“This is going to be a landmark year,” regional director Tara Mohammad said before a crowd of about 1,100 people as she announced DC MIST’s overall winning teams at its tenth anniversary. Several Eleanor Roosevelt High School competitors held their breath, wondering if this could be the end of Dar-us-Salaam’s eight-year domination over the competition.
But it wasn’t. Despite a more leveled playing field as a result of 25-member cap, DUS inched past ERHS by a mere six points, with Herndon High School taking third place, marking the end of the most competitive tournament in the ten years since high school MISTer from across the region gathered for a weekend full of competition, community, and good old fun.
“In the end, the team that works the hardest wins. I have always been proud of that,” regional director Adam Kareem said.
Competitors were tested by theme “The Patience of Champions: Rising to a Better Self” both in their competitions and throughout the weekend. In addition to the 25-member cap, the tournament featured many changes. MIST consolidated children’s book into short fiction and web design and newsletter into social media – a web-friendly news and idea platform for MSAs. Quran recitation – broken into two levels based on amount memorized – swallowed the tajweed contest while Research in Action – a community-based research project to find solutions to local challenges – replaced community service and research methods.
To the awe of many, loved regional director Adam Kareem also announced he would pass his role to assistant director Tara Mohammad. Kareem is a last-year pHD mechanical engineering student at the University of Maryland.
“I have always seen MIST as something that I will honestly use to push me into Jannah. I have never felt I was giving anything to MIST. I’ve always felt the reverse,” Kareem said.
Challenged by close scores and difficult decisions, many judges found increments of less than one point separated first from second place in many competitions. Overall team point differences also slimmed for the third year in a row, with DUS inching past ERHS by 6 points as compared to 36 points last year, according to DC MIST records. Over a 100 points, however, separated Herndon High School from second place, a third place position that has long been in the dust when compared to first and second place.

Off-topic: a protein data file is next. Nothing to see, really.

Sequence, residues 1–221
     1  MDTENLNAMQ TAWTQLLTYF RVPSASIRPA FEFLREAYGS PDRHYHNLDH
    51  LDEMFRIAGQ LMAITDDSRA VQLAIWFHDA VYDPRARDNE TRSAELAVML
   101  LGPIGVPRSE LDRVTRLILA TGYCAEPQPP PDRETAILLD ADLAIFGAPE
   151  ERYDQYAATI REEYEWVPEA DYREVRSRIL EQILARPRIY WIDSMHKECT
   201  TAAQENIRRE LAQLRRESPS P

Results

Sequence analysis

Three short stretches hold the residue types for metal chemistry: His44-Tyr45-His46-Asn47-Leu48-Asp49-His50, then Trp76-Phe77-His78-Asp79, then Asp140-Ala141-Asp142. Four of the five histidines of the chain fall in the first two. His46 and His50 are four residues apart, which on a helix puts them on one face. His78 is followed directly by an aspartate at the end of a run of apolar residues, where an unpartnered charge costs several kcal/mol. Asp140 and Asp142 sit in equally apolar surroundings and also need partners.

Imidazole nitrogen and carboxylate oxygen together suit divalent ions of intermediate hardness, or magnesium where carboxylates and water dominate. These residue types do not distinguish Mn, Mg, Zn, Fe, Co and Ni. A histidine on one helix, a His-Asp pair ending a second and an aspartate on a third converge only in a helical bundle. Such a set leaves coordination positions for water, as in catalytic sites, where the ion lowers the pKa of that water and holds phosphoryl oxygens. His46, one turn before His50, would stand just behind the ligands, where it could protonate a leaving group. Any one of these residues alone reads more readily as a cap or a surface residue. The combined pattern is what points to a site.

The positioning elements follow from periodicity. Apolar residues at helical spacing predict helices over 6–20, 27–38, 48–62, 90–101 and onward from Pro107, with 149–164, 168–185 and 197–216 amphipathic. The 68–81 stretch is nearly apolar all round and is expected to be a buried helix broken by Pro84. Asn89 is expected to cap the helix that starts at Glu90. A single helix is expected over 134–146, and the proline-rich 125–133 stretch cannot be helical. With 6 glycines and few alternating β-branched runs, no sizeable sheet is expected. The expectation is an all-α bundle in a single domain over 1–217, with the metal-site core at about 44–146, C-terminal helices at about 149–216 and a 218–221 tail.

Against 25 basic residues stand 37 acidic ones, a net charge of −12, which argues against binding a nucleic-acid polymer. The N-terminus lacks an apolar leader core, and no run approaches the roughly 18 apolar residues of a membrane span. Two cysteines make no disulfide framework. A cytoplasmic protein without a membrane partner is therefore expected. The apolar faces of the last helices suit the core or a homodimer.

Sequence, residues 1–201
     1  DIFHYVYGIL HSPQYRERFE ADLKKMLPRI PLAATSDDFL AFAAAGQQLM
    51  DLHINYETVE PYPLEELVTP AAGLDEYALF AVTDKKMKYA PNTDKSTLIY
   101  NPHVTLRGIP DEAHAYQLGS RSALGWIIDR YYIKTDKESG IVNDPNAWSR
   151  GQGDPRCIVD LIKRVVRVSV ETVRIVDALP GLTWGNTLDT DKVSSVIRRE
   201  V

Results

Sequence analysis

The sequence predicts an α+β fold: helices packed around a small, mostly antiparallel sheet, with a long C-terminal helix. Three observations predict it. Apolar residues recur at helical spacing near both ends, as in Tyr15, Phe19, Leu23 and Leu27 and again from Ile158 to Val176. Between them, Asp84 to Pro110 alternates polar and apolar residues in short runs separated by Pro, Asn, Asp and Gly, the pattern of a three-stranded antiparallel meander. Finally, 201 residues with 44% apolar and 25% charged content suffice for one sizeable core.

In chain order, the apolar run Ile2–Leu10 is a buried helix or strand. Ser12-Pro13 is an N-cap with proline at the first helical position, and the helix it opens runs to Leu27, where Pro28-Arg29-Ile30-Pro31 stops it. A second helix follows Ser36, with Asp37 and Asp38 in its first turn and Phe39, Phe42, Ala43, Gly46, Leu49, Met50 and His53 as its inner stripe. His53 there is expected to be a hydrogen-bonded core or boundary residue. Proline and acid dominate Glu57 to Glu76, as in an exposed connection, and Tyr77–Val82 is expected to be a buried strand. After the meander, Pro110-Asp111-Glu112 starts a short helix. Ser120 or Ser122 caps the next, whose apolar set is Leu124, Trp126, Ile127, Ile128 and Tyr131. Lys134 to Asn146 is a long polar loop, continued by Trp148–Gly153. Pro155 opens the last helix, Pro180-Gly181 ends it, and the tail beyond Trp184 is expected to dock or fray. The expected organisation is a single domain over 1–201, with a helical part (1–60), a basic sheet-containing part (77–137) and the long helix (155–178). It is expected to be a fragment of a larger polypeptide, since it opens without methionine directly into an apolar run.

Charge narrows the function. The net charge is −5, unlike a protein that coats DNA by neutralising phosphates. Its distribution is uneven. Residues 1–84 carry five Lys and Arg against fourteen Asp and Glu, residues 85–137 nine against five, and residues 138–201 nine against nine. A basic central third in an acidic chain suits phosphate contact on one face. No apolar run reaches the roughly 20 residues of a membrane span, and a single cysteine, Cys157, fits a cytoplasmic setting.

“I thought [ERHS] had it. I was ready to take it all, make sujood right then and there for our hard work to pay off,” Sheima Gimie, ERHS head coach said. “Alhamdulillah, though, we will never complain for coming second overall. Every year we have struggles, and every year our successes are too shocking for words to describe.”
But for many competitors and organizers, the most memorable point of the weekend wasn’t who won gold, a testament to DCMIST’s wider mission.
“MIST has impacted me by showing me what true teamwork and friendship means. Winning isn’t everything, but enjoying the experience along the way is what really matters,” freshman Amarah Faizan of Al-Rahmah said.
Kareem and Gimie agreed, saying the high point of the weekend was the moment where teams cheered – many times against each other - and came together.
Orange uniforms peppered among Herndon’s red, Taqwa’s maroon, and other teams’ blues, greens, and yellows, a moment Kareem said exemplified the heart and sportsmanship of the competition.
A Saturday night town hall – which address the blues, greens, and yellows of challenges faced by Muslim youth – was also a high point for many competitors. Able to move past questions about dating, drugs, depression, and other challenges, the town hall culminated in a moment where all competitors sat down on the floor of the grand ballroom, surrounded by a sea of littered round tables and chairs.
“These chairs and tables are obstacles,” Kareem said. “When you’re on the ground, they seem bigger than they actually are. You have to change your perspective.”
He then asked the competitors to squeeze onto the ballroom’s small stage, illustrating that changing their point of view would make them see the chairs and tables as little things and find their way to their way out - the door to Jannah.
Even with this year’s burgeoning attendance and programs, the years ahead signal challenges. Attendance jumped to 541 from mere 40 in 2003, a trend that forced DC MIST organizers to limit the number of competitors to 25 per team for the first year ever. While there are no immediate plans to change venues from the United of Maryland, College Park – a venue valued for it’s accessibility, affordability and compactness- DC MIST organizers plan to look into additional revenue options to finance bigger and better tournaments.
Points and changes aside, DCMIST’s tenth anniversary ended with a ringing chant that defines its history thus far: DCMIST, we rise. DCMIST, we rose. DCMIST, we won. DCMIST, we’re done.
The location of MIST Nationals – where top five winners from all regions compete - will be at Detroit insha'Allah.